July 2007

That Abominable Snowman

Tuesday, July 31st, 2007

The Wall Street Journal has a sober front page piece here about Billiam the Snowman, the star of a Minneapolis-produced video question that stole the show at the recent YouTube Democratic debate.

Billiam has quickly become an emblem, not of climate change (the subject of the snowman’s question to the candidates), but of a changed political environment that is making many candidates and political observers uncomfortable.

Of special note is dissension among Republicans, scheduled to participate in their own YouTube debate in September. Some, including Mitt Romney, are lamenting the lack of dignity in the YouTube debate format. Others are aghast at that response, saying the GOP can’t afford to be too dignified for a medium whose popularity is exploding.

Surely the defenders of the YouTubers are right. I, for one, found the YouTube debate easier to watch than many gaggle-of-candidate conclaves. Some of the questions were foolish, many questioners were busy showing off, and the candidates often refused to give straight answers. But all that is frequently true when journalists or studio audiences ask the questions, too.

More time for the candidates would have been good — but only a little more time.

There was a freshness and authenticity about a lot of the video questioners, I thought. They were direct, smart-alecky, corny — like real Americans.

Other thoughts on the YouTube debate format?

A system that can’t say no

Monday, July 30th, 2007

tice.jpgHere is a characteristically illuminating paper from the Congressional Budget Office, presenting testimony delivered before the U.S. Senate in June.

(Here’s some additional data that goes with it.)

The subject is health care, and the testimony covers a widehealthcare.jpg range of issues concerning spiraling costs and what might be done to control them.

The CBO’s perspective touches in many ways on a fundamental dispute about what’s wrong with U.S. health care that was debated here in a series of posts months ago. It’s the question whether America has too much health insurance (as many free-market conservatives believe), or not enough insurance (as many liberals, focused on the plight of the uninsured, contend).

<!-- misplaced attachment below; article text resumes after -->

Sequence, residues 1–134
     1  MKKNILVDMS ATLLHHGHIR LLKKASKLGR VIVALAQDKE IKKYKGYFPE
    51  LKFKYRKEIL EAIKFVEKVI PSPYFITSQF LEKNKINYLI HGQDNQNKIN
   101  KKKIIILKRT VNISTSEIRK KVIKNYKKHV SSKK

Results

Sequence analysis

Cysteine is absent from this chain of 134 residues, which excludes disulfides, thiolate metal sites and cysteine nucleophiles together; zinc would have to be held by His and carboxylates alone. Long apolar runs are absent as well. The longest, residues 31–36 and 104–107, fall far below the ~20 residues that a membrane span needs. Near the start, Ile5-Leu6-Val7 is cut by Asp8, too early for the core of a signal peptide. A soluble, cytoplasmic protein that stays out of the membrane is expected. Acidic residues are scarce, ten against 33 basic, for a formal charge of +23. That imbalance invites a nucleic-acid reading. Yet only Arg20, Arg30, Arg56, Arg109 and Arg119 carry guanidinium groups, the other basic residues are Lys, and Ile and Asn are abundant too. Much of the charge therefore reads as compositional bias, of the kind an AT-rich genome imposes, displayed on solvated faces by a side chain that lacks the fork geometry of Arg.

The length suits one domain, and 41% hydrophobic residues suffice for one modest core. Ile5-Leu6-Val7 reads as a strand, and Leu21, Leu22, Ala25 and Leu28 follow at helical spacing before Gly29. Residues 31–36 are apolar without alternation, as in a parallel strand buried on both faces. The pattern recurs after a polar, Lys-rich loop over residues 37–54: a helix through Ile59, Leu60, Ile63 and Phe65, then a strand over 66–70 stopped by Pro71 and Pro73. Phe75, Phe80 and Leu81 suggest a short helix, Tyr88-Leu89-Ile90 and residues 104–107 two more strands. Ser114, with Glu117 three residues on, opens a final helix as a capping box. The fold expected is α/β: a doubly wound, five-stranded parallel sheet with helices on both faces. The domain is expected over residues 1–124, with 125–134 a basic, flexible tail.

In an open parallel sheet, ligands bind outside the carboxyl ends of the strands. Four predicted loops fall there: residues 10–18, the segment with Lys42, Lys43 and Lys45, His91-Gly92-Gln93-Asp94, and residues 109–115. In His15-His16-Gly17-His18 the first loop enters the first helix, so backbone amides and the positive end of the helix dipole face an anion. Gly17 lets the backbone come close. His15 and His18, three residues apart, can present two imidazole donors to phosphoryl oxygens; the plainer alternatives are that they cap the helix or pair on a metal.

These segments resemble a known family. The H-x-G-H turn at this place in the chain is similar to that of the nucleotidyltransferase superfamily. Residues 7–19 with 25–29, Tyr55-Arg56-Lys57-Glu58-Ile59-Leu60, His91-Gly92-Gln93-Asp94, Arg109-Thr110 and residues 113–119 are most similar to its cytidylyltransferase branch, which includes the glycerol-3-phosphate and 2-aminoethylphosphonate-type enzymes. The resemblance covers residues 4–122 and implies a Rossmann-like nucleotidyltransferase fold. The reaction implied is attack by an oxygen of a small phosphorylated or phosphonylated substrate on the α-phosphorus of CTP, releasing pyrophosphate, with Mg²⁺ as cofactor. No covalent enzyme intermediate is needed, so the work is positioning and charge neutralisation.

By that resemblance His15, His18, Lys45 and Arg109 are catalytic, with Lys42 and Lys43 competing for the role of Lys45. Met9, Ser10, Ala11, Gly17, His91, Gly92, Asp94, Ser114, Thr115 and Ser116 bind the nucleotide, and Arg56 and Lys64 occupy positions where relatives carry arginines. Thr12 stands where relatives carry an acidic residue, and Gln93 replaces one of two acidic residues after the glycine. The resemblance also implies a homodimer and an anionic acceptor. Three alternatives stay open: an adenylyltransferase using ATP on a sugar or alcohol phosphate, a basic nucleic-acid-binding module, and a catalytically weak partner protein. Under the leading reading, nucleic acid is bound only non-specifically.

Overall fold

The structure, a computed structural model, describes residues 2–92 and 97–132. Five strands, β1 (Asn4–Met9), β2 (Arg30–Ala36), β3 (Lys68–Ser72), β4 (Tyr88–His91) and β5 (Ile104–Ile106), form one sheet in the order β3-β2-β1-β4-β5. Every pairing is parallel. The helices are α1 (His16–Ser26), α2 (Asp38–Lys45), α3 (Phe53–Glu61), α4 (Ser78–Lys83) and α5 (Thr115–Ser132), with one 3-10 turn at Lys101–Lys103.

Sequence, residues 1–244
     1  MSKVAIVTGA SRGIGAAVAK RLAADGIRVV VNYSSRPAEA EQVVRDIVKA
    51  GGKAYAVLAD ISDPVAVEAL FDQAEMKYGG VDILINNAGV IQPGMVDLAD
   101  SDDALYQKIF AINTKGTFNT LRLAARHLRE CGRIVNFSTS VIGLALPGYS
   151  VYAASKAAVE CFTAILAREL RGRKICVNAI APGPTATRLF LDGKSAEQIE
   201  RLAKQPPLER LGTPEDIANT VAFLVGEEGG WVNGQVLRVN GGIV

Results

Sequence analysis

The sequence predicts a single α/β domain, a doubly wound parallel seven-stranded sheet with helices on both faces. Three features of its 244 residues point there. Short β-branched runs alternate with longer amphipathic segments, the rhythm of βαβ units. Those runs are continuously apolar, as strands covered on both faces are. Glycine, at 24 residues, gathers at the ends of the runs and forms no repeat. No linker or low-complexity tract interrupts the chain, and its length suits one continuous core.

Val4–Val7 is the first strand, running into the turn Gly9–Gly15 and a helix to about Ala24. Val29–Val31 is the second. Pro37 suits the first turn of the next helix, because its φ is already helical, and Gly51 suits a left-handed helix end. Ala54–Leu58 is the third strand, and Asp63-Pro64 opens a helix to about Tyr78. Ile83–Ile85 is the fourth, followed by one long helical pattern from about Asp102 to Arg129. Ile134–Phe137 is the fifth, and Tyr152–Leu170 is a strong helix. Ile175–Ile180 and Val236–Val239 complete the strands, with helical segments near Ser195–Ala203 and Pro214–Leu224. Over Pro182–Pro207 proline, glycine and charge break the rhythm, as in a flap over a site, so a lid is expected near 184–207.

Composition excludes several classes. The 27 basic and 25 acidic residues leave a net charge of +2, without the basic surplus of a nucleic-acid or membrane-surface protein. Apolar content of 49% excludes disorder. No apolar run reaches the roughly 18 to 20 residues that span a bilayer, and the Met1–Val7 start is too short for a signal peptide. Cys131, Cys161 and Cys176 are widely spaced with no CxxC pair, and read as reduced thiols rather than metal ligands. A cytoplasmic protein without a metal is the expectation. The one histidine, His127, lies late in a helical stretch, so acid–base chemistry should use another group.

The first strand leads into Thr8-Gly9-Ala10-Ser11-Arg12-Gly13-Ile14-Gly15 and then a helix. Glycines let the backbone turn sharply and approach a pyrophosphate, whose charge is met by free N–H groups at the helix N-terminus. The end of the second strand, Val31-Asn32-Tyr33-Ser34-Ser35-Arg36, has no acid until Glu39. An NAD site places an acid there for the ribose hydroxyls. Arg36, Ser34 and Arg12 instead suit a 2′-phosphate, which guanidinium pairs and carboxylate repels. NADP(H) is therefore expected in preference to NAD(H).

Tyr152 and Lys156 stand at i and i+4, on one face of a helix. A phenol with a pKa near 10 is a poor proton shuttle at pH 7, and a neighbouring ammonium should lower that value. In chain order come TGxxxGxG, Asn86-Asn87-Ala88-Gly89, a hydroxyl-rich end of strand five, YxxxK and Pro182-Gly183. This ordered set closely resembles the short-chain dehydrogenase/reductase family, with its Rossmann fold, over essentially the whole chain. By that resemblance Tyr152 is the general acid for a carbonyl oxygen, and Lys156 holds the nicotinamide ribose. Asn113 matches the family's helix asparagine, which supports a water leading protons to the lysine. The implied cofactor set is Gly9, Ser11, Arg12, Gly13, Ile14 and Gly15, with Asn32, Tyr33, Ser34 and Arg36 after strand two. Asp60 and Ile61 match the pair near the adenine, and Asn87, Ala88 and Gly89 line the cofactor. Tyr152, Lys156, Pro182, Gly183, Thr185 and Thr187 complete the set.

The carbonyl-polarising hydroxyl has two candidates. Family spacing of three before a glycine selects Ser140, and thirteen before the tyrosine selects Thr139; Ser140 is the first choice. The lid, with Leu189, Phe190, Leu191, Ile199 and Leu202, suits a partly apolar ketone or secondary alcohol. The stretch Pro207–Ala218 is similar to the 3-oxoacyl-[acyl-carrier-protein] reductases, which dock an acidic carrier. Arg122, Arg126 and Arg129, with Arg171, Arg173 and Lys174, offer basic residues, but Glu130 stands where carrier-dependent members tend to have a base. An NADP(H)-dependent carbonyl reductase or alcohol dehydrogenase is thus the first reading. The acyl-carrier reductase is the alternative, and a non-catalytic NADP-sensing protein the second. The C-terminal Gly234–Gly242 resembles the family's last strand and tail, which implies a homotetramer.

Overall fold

Here are a few highlights from the CBO testimony:

Quite apart from the pain rising health costs cause individuals and businesses, CBO calls them “the nation’s central fiscal challenge.”

If costs keep rising at the current pace, CBO warns, federal spending on the Medicare and Medicaid programs alone will consume 20 percent of gross domestic product by 2050 — about the same as the entire federal budget today.


How green is my bankbook? Part IV

Saturday, July 28th, 2007

As Washington correspondent Kevin Diaz reports here, the U.S.House has passed its version of the farm bill. It cracks down on subsidy payments to farmers who make more a million dollars a year.corn.jpg

Diaz notes that the issue puts Democrats in an awkward position. It is a complex task to oppose special favors for the rich and still support a policy like this.

Minnesota Rep. Tim Walz says in the story that he won’t defend subsidies for millionaires. But he does defend them for farmers making above $200,000 a year (the level at which the Bush administration wants to cut off payments). Such farmers are still family farmers, he says, put crops in the ground and benefit the rural economy.

How persuasive is that?

Staff writer Mark Brunswick on a reminder of the value of disclosure

Thursday, July 26th, 2007

Gov. Tim Pawlenty made an unusual comment while announcing recently that the state would begin negotiating to buy land from U.S. Steel to establish a new state park on Lake Vermilion. He vermilion.jpgdisclosed that Department of Natural Resources Commissioner Mark Holsten owns property on the lake.

St. Louis County records show that Holsten owns land valued at $179,000 on a plat named Thirtysix Island T of Greenwood. Holsten confirmed that he bought the land this spring.

But a check of Holsten’s disclosure statement with the Minnesota Campaign Finance and Public Disclosure Board shows Holsten has reported no such ownership. Holsten says he will disclose the property the next time he is required to file.

“It’s something I have to do,” he said.